Date of Award

Summer 8-11-2011

Degree Type

Dissertation

Degree Name

Doctor of Philosophy (PhD)

Department

Kinesiology and Health

First Advisor

Jeffrey C. Rupp, Ph.D. - Chair

Second Advisor

Dan Benardot, Ph.D.

Third Advisor

L. Jerome Brandon, Ph.D.

Fourth Advisor

J. Andrew Doyle, Ph.D.

Abstract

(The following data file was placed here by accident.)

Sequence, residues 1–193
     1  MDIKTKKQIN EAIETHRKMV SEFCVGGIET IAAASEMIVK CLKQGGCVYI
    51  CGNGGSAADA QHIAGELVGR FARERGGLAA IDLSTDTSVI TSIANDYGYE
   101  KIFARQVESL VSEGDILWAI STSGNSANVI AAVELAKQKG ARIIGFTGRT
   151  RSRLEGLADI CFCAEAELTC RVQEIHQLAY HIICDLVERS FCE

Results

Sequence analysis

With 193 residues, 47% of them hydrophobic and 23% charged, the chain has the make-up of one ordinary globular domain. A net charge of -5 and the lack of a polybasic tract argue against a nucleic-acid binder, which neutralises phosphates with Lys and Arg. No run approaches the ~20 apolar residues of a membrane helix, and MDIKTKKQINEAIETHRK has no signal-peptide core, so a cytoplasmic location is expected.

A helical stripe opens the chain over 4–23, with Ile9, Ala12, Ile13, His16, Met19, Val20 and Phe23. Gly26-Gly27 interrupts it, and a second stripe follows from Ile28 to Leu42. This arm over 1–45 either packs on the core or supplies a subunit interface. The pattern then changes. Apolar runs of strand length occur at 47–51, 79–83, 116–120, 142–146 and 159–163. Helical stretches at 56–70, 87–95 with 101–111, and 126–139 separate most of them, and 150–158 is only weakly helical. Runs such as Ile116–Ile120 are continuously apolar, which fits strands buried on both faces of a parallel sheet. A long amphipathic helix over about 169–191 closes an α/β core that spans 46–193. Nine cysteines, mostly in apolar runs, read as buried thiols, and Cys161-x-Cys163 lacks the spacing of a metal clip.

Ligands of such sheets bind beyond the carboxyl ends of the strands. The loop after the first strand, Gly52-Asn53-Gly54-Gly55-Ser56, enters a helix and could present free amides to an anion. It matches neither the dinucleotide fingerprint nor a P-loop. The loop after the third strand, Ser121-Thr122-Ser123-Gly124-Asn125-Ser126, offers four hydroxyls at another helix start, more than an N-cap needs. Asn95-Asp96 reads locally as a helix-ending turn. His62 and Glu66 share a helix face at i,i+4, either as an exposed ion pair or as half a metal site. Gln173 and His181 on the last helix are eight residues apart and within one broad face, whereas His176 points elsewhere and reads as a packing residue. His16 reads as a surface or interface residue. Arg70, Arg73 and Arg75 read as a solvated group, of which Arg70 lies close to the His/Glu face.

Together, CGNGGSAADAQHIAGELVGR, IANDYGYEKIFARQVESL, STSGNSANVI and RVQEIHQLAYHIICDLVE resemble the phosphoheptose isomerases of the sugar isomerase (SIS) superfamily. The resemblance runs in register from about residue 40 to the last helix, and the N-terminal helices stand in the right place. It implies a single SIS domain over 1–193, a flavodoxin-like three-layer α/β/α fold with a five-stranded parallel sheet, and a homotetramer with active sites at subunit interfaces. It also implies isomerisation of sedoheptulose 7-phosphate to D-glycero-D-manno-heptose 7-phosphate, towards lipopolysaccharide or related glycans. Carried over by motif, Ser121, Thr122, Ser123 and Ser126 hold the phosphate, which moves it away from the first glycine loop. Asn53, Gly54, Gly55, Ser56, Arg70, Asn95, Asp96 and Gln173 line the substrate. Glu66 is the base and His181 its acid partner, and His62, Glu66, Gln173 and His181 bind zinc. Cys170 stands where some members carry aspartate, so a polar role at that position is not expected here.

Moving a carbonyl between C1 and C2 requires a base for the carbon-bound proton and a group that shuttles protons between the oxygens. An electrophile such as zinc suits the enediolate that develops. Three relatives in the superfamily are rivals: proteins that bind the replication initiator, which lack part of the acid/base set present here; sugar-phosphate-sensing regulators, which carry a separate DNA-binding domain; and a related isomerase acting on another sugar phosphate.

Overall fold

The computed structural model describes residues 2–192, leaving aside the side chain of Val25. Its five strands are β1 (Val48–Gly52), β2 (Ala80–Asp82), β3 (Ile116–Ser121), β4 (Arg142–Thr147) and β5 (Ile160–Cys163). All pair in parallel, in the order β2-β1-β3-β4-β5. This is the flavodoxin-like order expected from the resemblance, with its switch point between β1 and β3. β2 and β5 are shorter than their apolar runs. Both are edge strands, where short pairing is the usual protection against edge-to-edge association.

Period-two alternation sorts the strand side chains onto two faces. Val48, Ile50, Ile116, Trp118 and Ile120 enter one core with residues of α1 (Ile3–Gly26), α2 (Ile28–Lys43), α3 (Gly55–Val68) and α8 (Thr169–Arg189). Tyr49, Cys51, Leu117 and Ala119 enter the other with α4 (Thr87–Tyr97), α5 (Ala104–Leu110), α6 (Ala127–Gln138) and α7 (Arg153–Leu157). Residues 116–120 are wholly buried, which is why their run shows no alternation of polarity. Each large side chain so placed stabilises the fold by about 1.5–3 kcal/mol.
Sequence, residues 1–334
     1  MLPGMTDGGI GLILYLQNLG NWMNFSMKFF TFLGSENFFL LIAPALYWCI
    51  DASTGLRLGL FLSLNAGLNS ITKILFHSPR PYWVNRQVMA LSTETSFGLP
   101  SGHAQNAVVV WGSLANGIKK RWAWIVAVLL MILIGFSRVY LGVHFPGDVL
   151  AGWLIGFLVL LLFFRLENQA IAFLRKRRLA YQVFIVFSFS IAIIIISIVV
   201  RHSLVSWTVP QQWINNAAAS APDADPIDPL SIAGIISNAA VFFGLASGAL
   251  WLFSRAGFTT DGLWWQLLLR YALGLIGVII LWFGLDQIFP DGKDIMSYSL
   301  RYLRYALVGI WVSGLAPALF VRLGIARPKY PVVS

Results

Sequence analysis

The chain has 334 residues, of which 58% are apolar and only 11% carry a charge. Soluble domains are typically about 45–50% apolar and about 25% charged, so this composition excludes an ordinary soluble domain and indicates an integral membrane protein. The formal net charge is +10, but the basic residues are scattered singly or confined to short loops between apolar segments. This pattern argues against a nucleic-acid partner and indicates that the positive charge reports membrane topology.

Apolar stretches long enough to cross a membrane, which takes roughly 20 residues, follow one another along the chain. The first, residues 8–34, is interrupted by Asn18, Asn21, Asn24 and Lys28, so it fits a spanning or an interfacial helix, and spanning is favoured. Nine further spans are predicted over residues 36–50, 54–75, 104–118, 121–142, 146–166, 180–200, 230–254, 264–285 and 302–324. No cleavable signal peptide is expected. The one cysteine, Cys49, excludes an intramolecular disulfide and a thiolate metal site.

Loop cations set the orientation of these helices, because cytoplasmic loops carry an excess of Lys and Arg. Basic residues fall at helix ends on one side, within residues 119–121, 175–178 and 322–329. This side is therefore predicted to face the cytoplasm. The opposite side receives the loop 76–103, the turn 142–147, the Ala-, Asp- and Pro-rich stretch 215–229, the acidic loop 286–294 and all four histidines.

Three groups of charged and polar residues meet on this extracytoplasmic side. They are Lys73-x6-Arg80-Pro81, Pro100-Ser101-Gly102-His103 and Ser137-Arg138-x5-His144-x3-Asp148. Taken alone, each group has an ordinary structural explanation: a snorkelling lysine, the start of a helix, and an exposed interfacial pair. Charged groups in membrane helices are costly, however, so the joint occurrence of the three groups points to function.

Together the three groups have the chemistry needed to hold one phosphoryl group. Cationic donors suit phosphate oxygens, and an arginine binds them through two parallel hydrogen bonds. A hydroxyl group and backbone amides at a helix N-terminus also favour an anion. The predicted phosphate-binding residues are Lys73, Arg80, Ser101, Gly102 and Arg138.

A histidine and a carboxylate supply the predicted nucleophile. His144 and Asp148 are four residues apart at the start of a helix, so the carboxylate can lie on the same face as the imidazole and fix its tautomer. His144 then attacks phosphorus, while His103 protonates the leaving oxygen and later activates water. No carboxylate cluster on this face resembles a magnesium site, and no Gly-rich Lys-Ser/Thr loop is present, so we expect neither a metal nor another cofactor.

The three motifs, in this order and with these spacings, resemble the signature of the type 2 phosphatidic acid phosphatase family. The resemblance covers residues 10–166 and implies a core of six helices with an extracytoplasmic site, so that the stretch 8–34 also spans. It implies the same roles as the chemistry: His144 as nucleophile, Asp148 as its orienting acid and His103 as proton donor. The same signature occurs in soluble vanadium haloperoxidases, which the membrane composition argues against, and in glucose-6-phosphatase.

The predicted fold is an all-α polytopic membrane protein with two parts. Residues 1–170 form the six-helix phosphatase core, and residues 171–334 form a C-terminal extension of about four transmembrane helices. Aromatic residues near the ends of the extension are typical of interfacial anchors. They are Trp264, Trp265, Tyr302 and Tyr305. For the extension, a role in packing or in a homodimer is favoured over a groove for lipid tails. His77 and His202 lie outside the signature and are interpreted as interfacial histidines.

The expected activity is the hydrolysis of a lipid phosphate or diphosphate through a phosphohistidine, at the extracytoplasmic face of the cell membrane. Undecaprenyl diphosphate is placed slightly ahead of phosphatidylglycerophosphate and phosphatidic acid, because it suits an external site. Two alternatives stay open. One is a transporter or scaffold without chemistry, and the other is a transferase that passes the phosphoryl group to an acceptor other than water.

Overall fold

This study examined whether a high-intensity interval (IT) or a continuous steady-state (CT) exercise training program had the greatest effect on fat oxidation rates and fat mass loss in a population of untrained overweight and obese females. Thirteen female subjects (VO2peak 30.6 ± 1.29 ml.kg.min-1, BMI 29 ± 0.79, fat mass [FM] 33.3 ± 2.09 kg) were randomly assigned to either a CT (exercise at the relative intensity that elicits the maximal fat oxidation rate [FATmax] ) or an IT (intervals alternating 5 minutes at 40% and 85% VO2peak) training group that exercised approximately 1 hour, 3 days.week-1 for 10 weeks. Body composition assessments, peak oxygen uptake (VO2peak), FATmax and plasma free fatty acid (FFA) concentrations were examined pre- and post-training using dual-energy X-ray absorptiometry (DEXA), ParvoMedics gas analysis system and FFA half micro tests (Roche Diagnostics). No significant differences were found post-training in body weight (kg), body fat (%), fat-free mass, or fat mass (P>0.05). The relative exercise intensity that elicited FATmax was significantly increased from 35.3 ± 2.55% to 44.7 ± 3.56% in the IT group post-training (P <0.05). The maximal fat oxidation rate was determined at a higher relative exercise intensity after 10 weeks of a IT program compared with a CT program, which resulted in longer durations of fat oxidation during submaximal exercise bouts. These data suggest that an IT program induces a greater increase in the relative exercise intensity that elicits maximal fat oxidation after 10 weeks of training compared to a CT program in this population. Although body composition and FATmax were not altered, it is possible that through training induced metabolic adaptations from the IT program, intramuscular triacylglyceride (IMTG) contributions to fat oxidation at a given steady-state work rate could be increased post-training.

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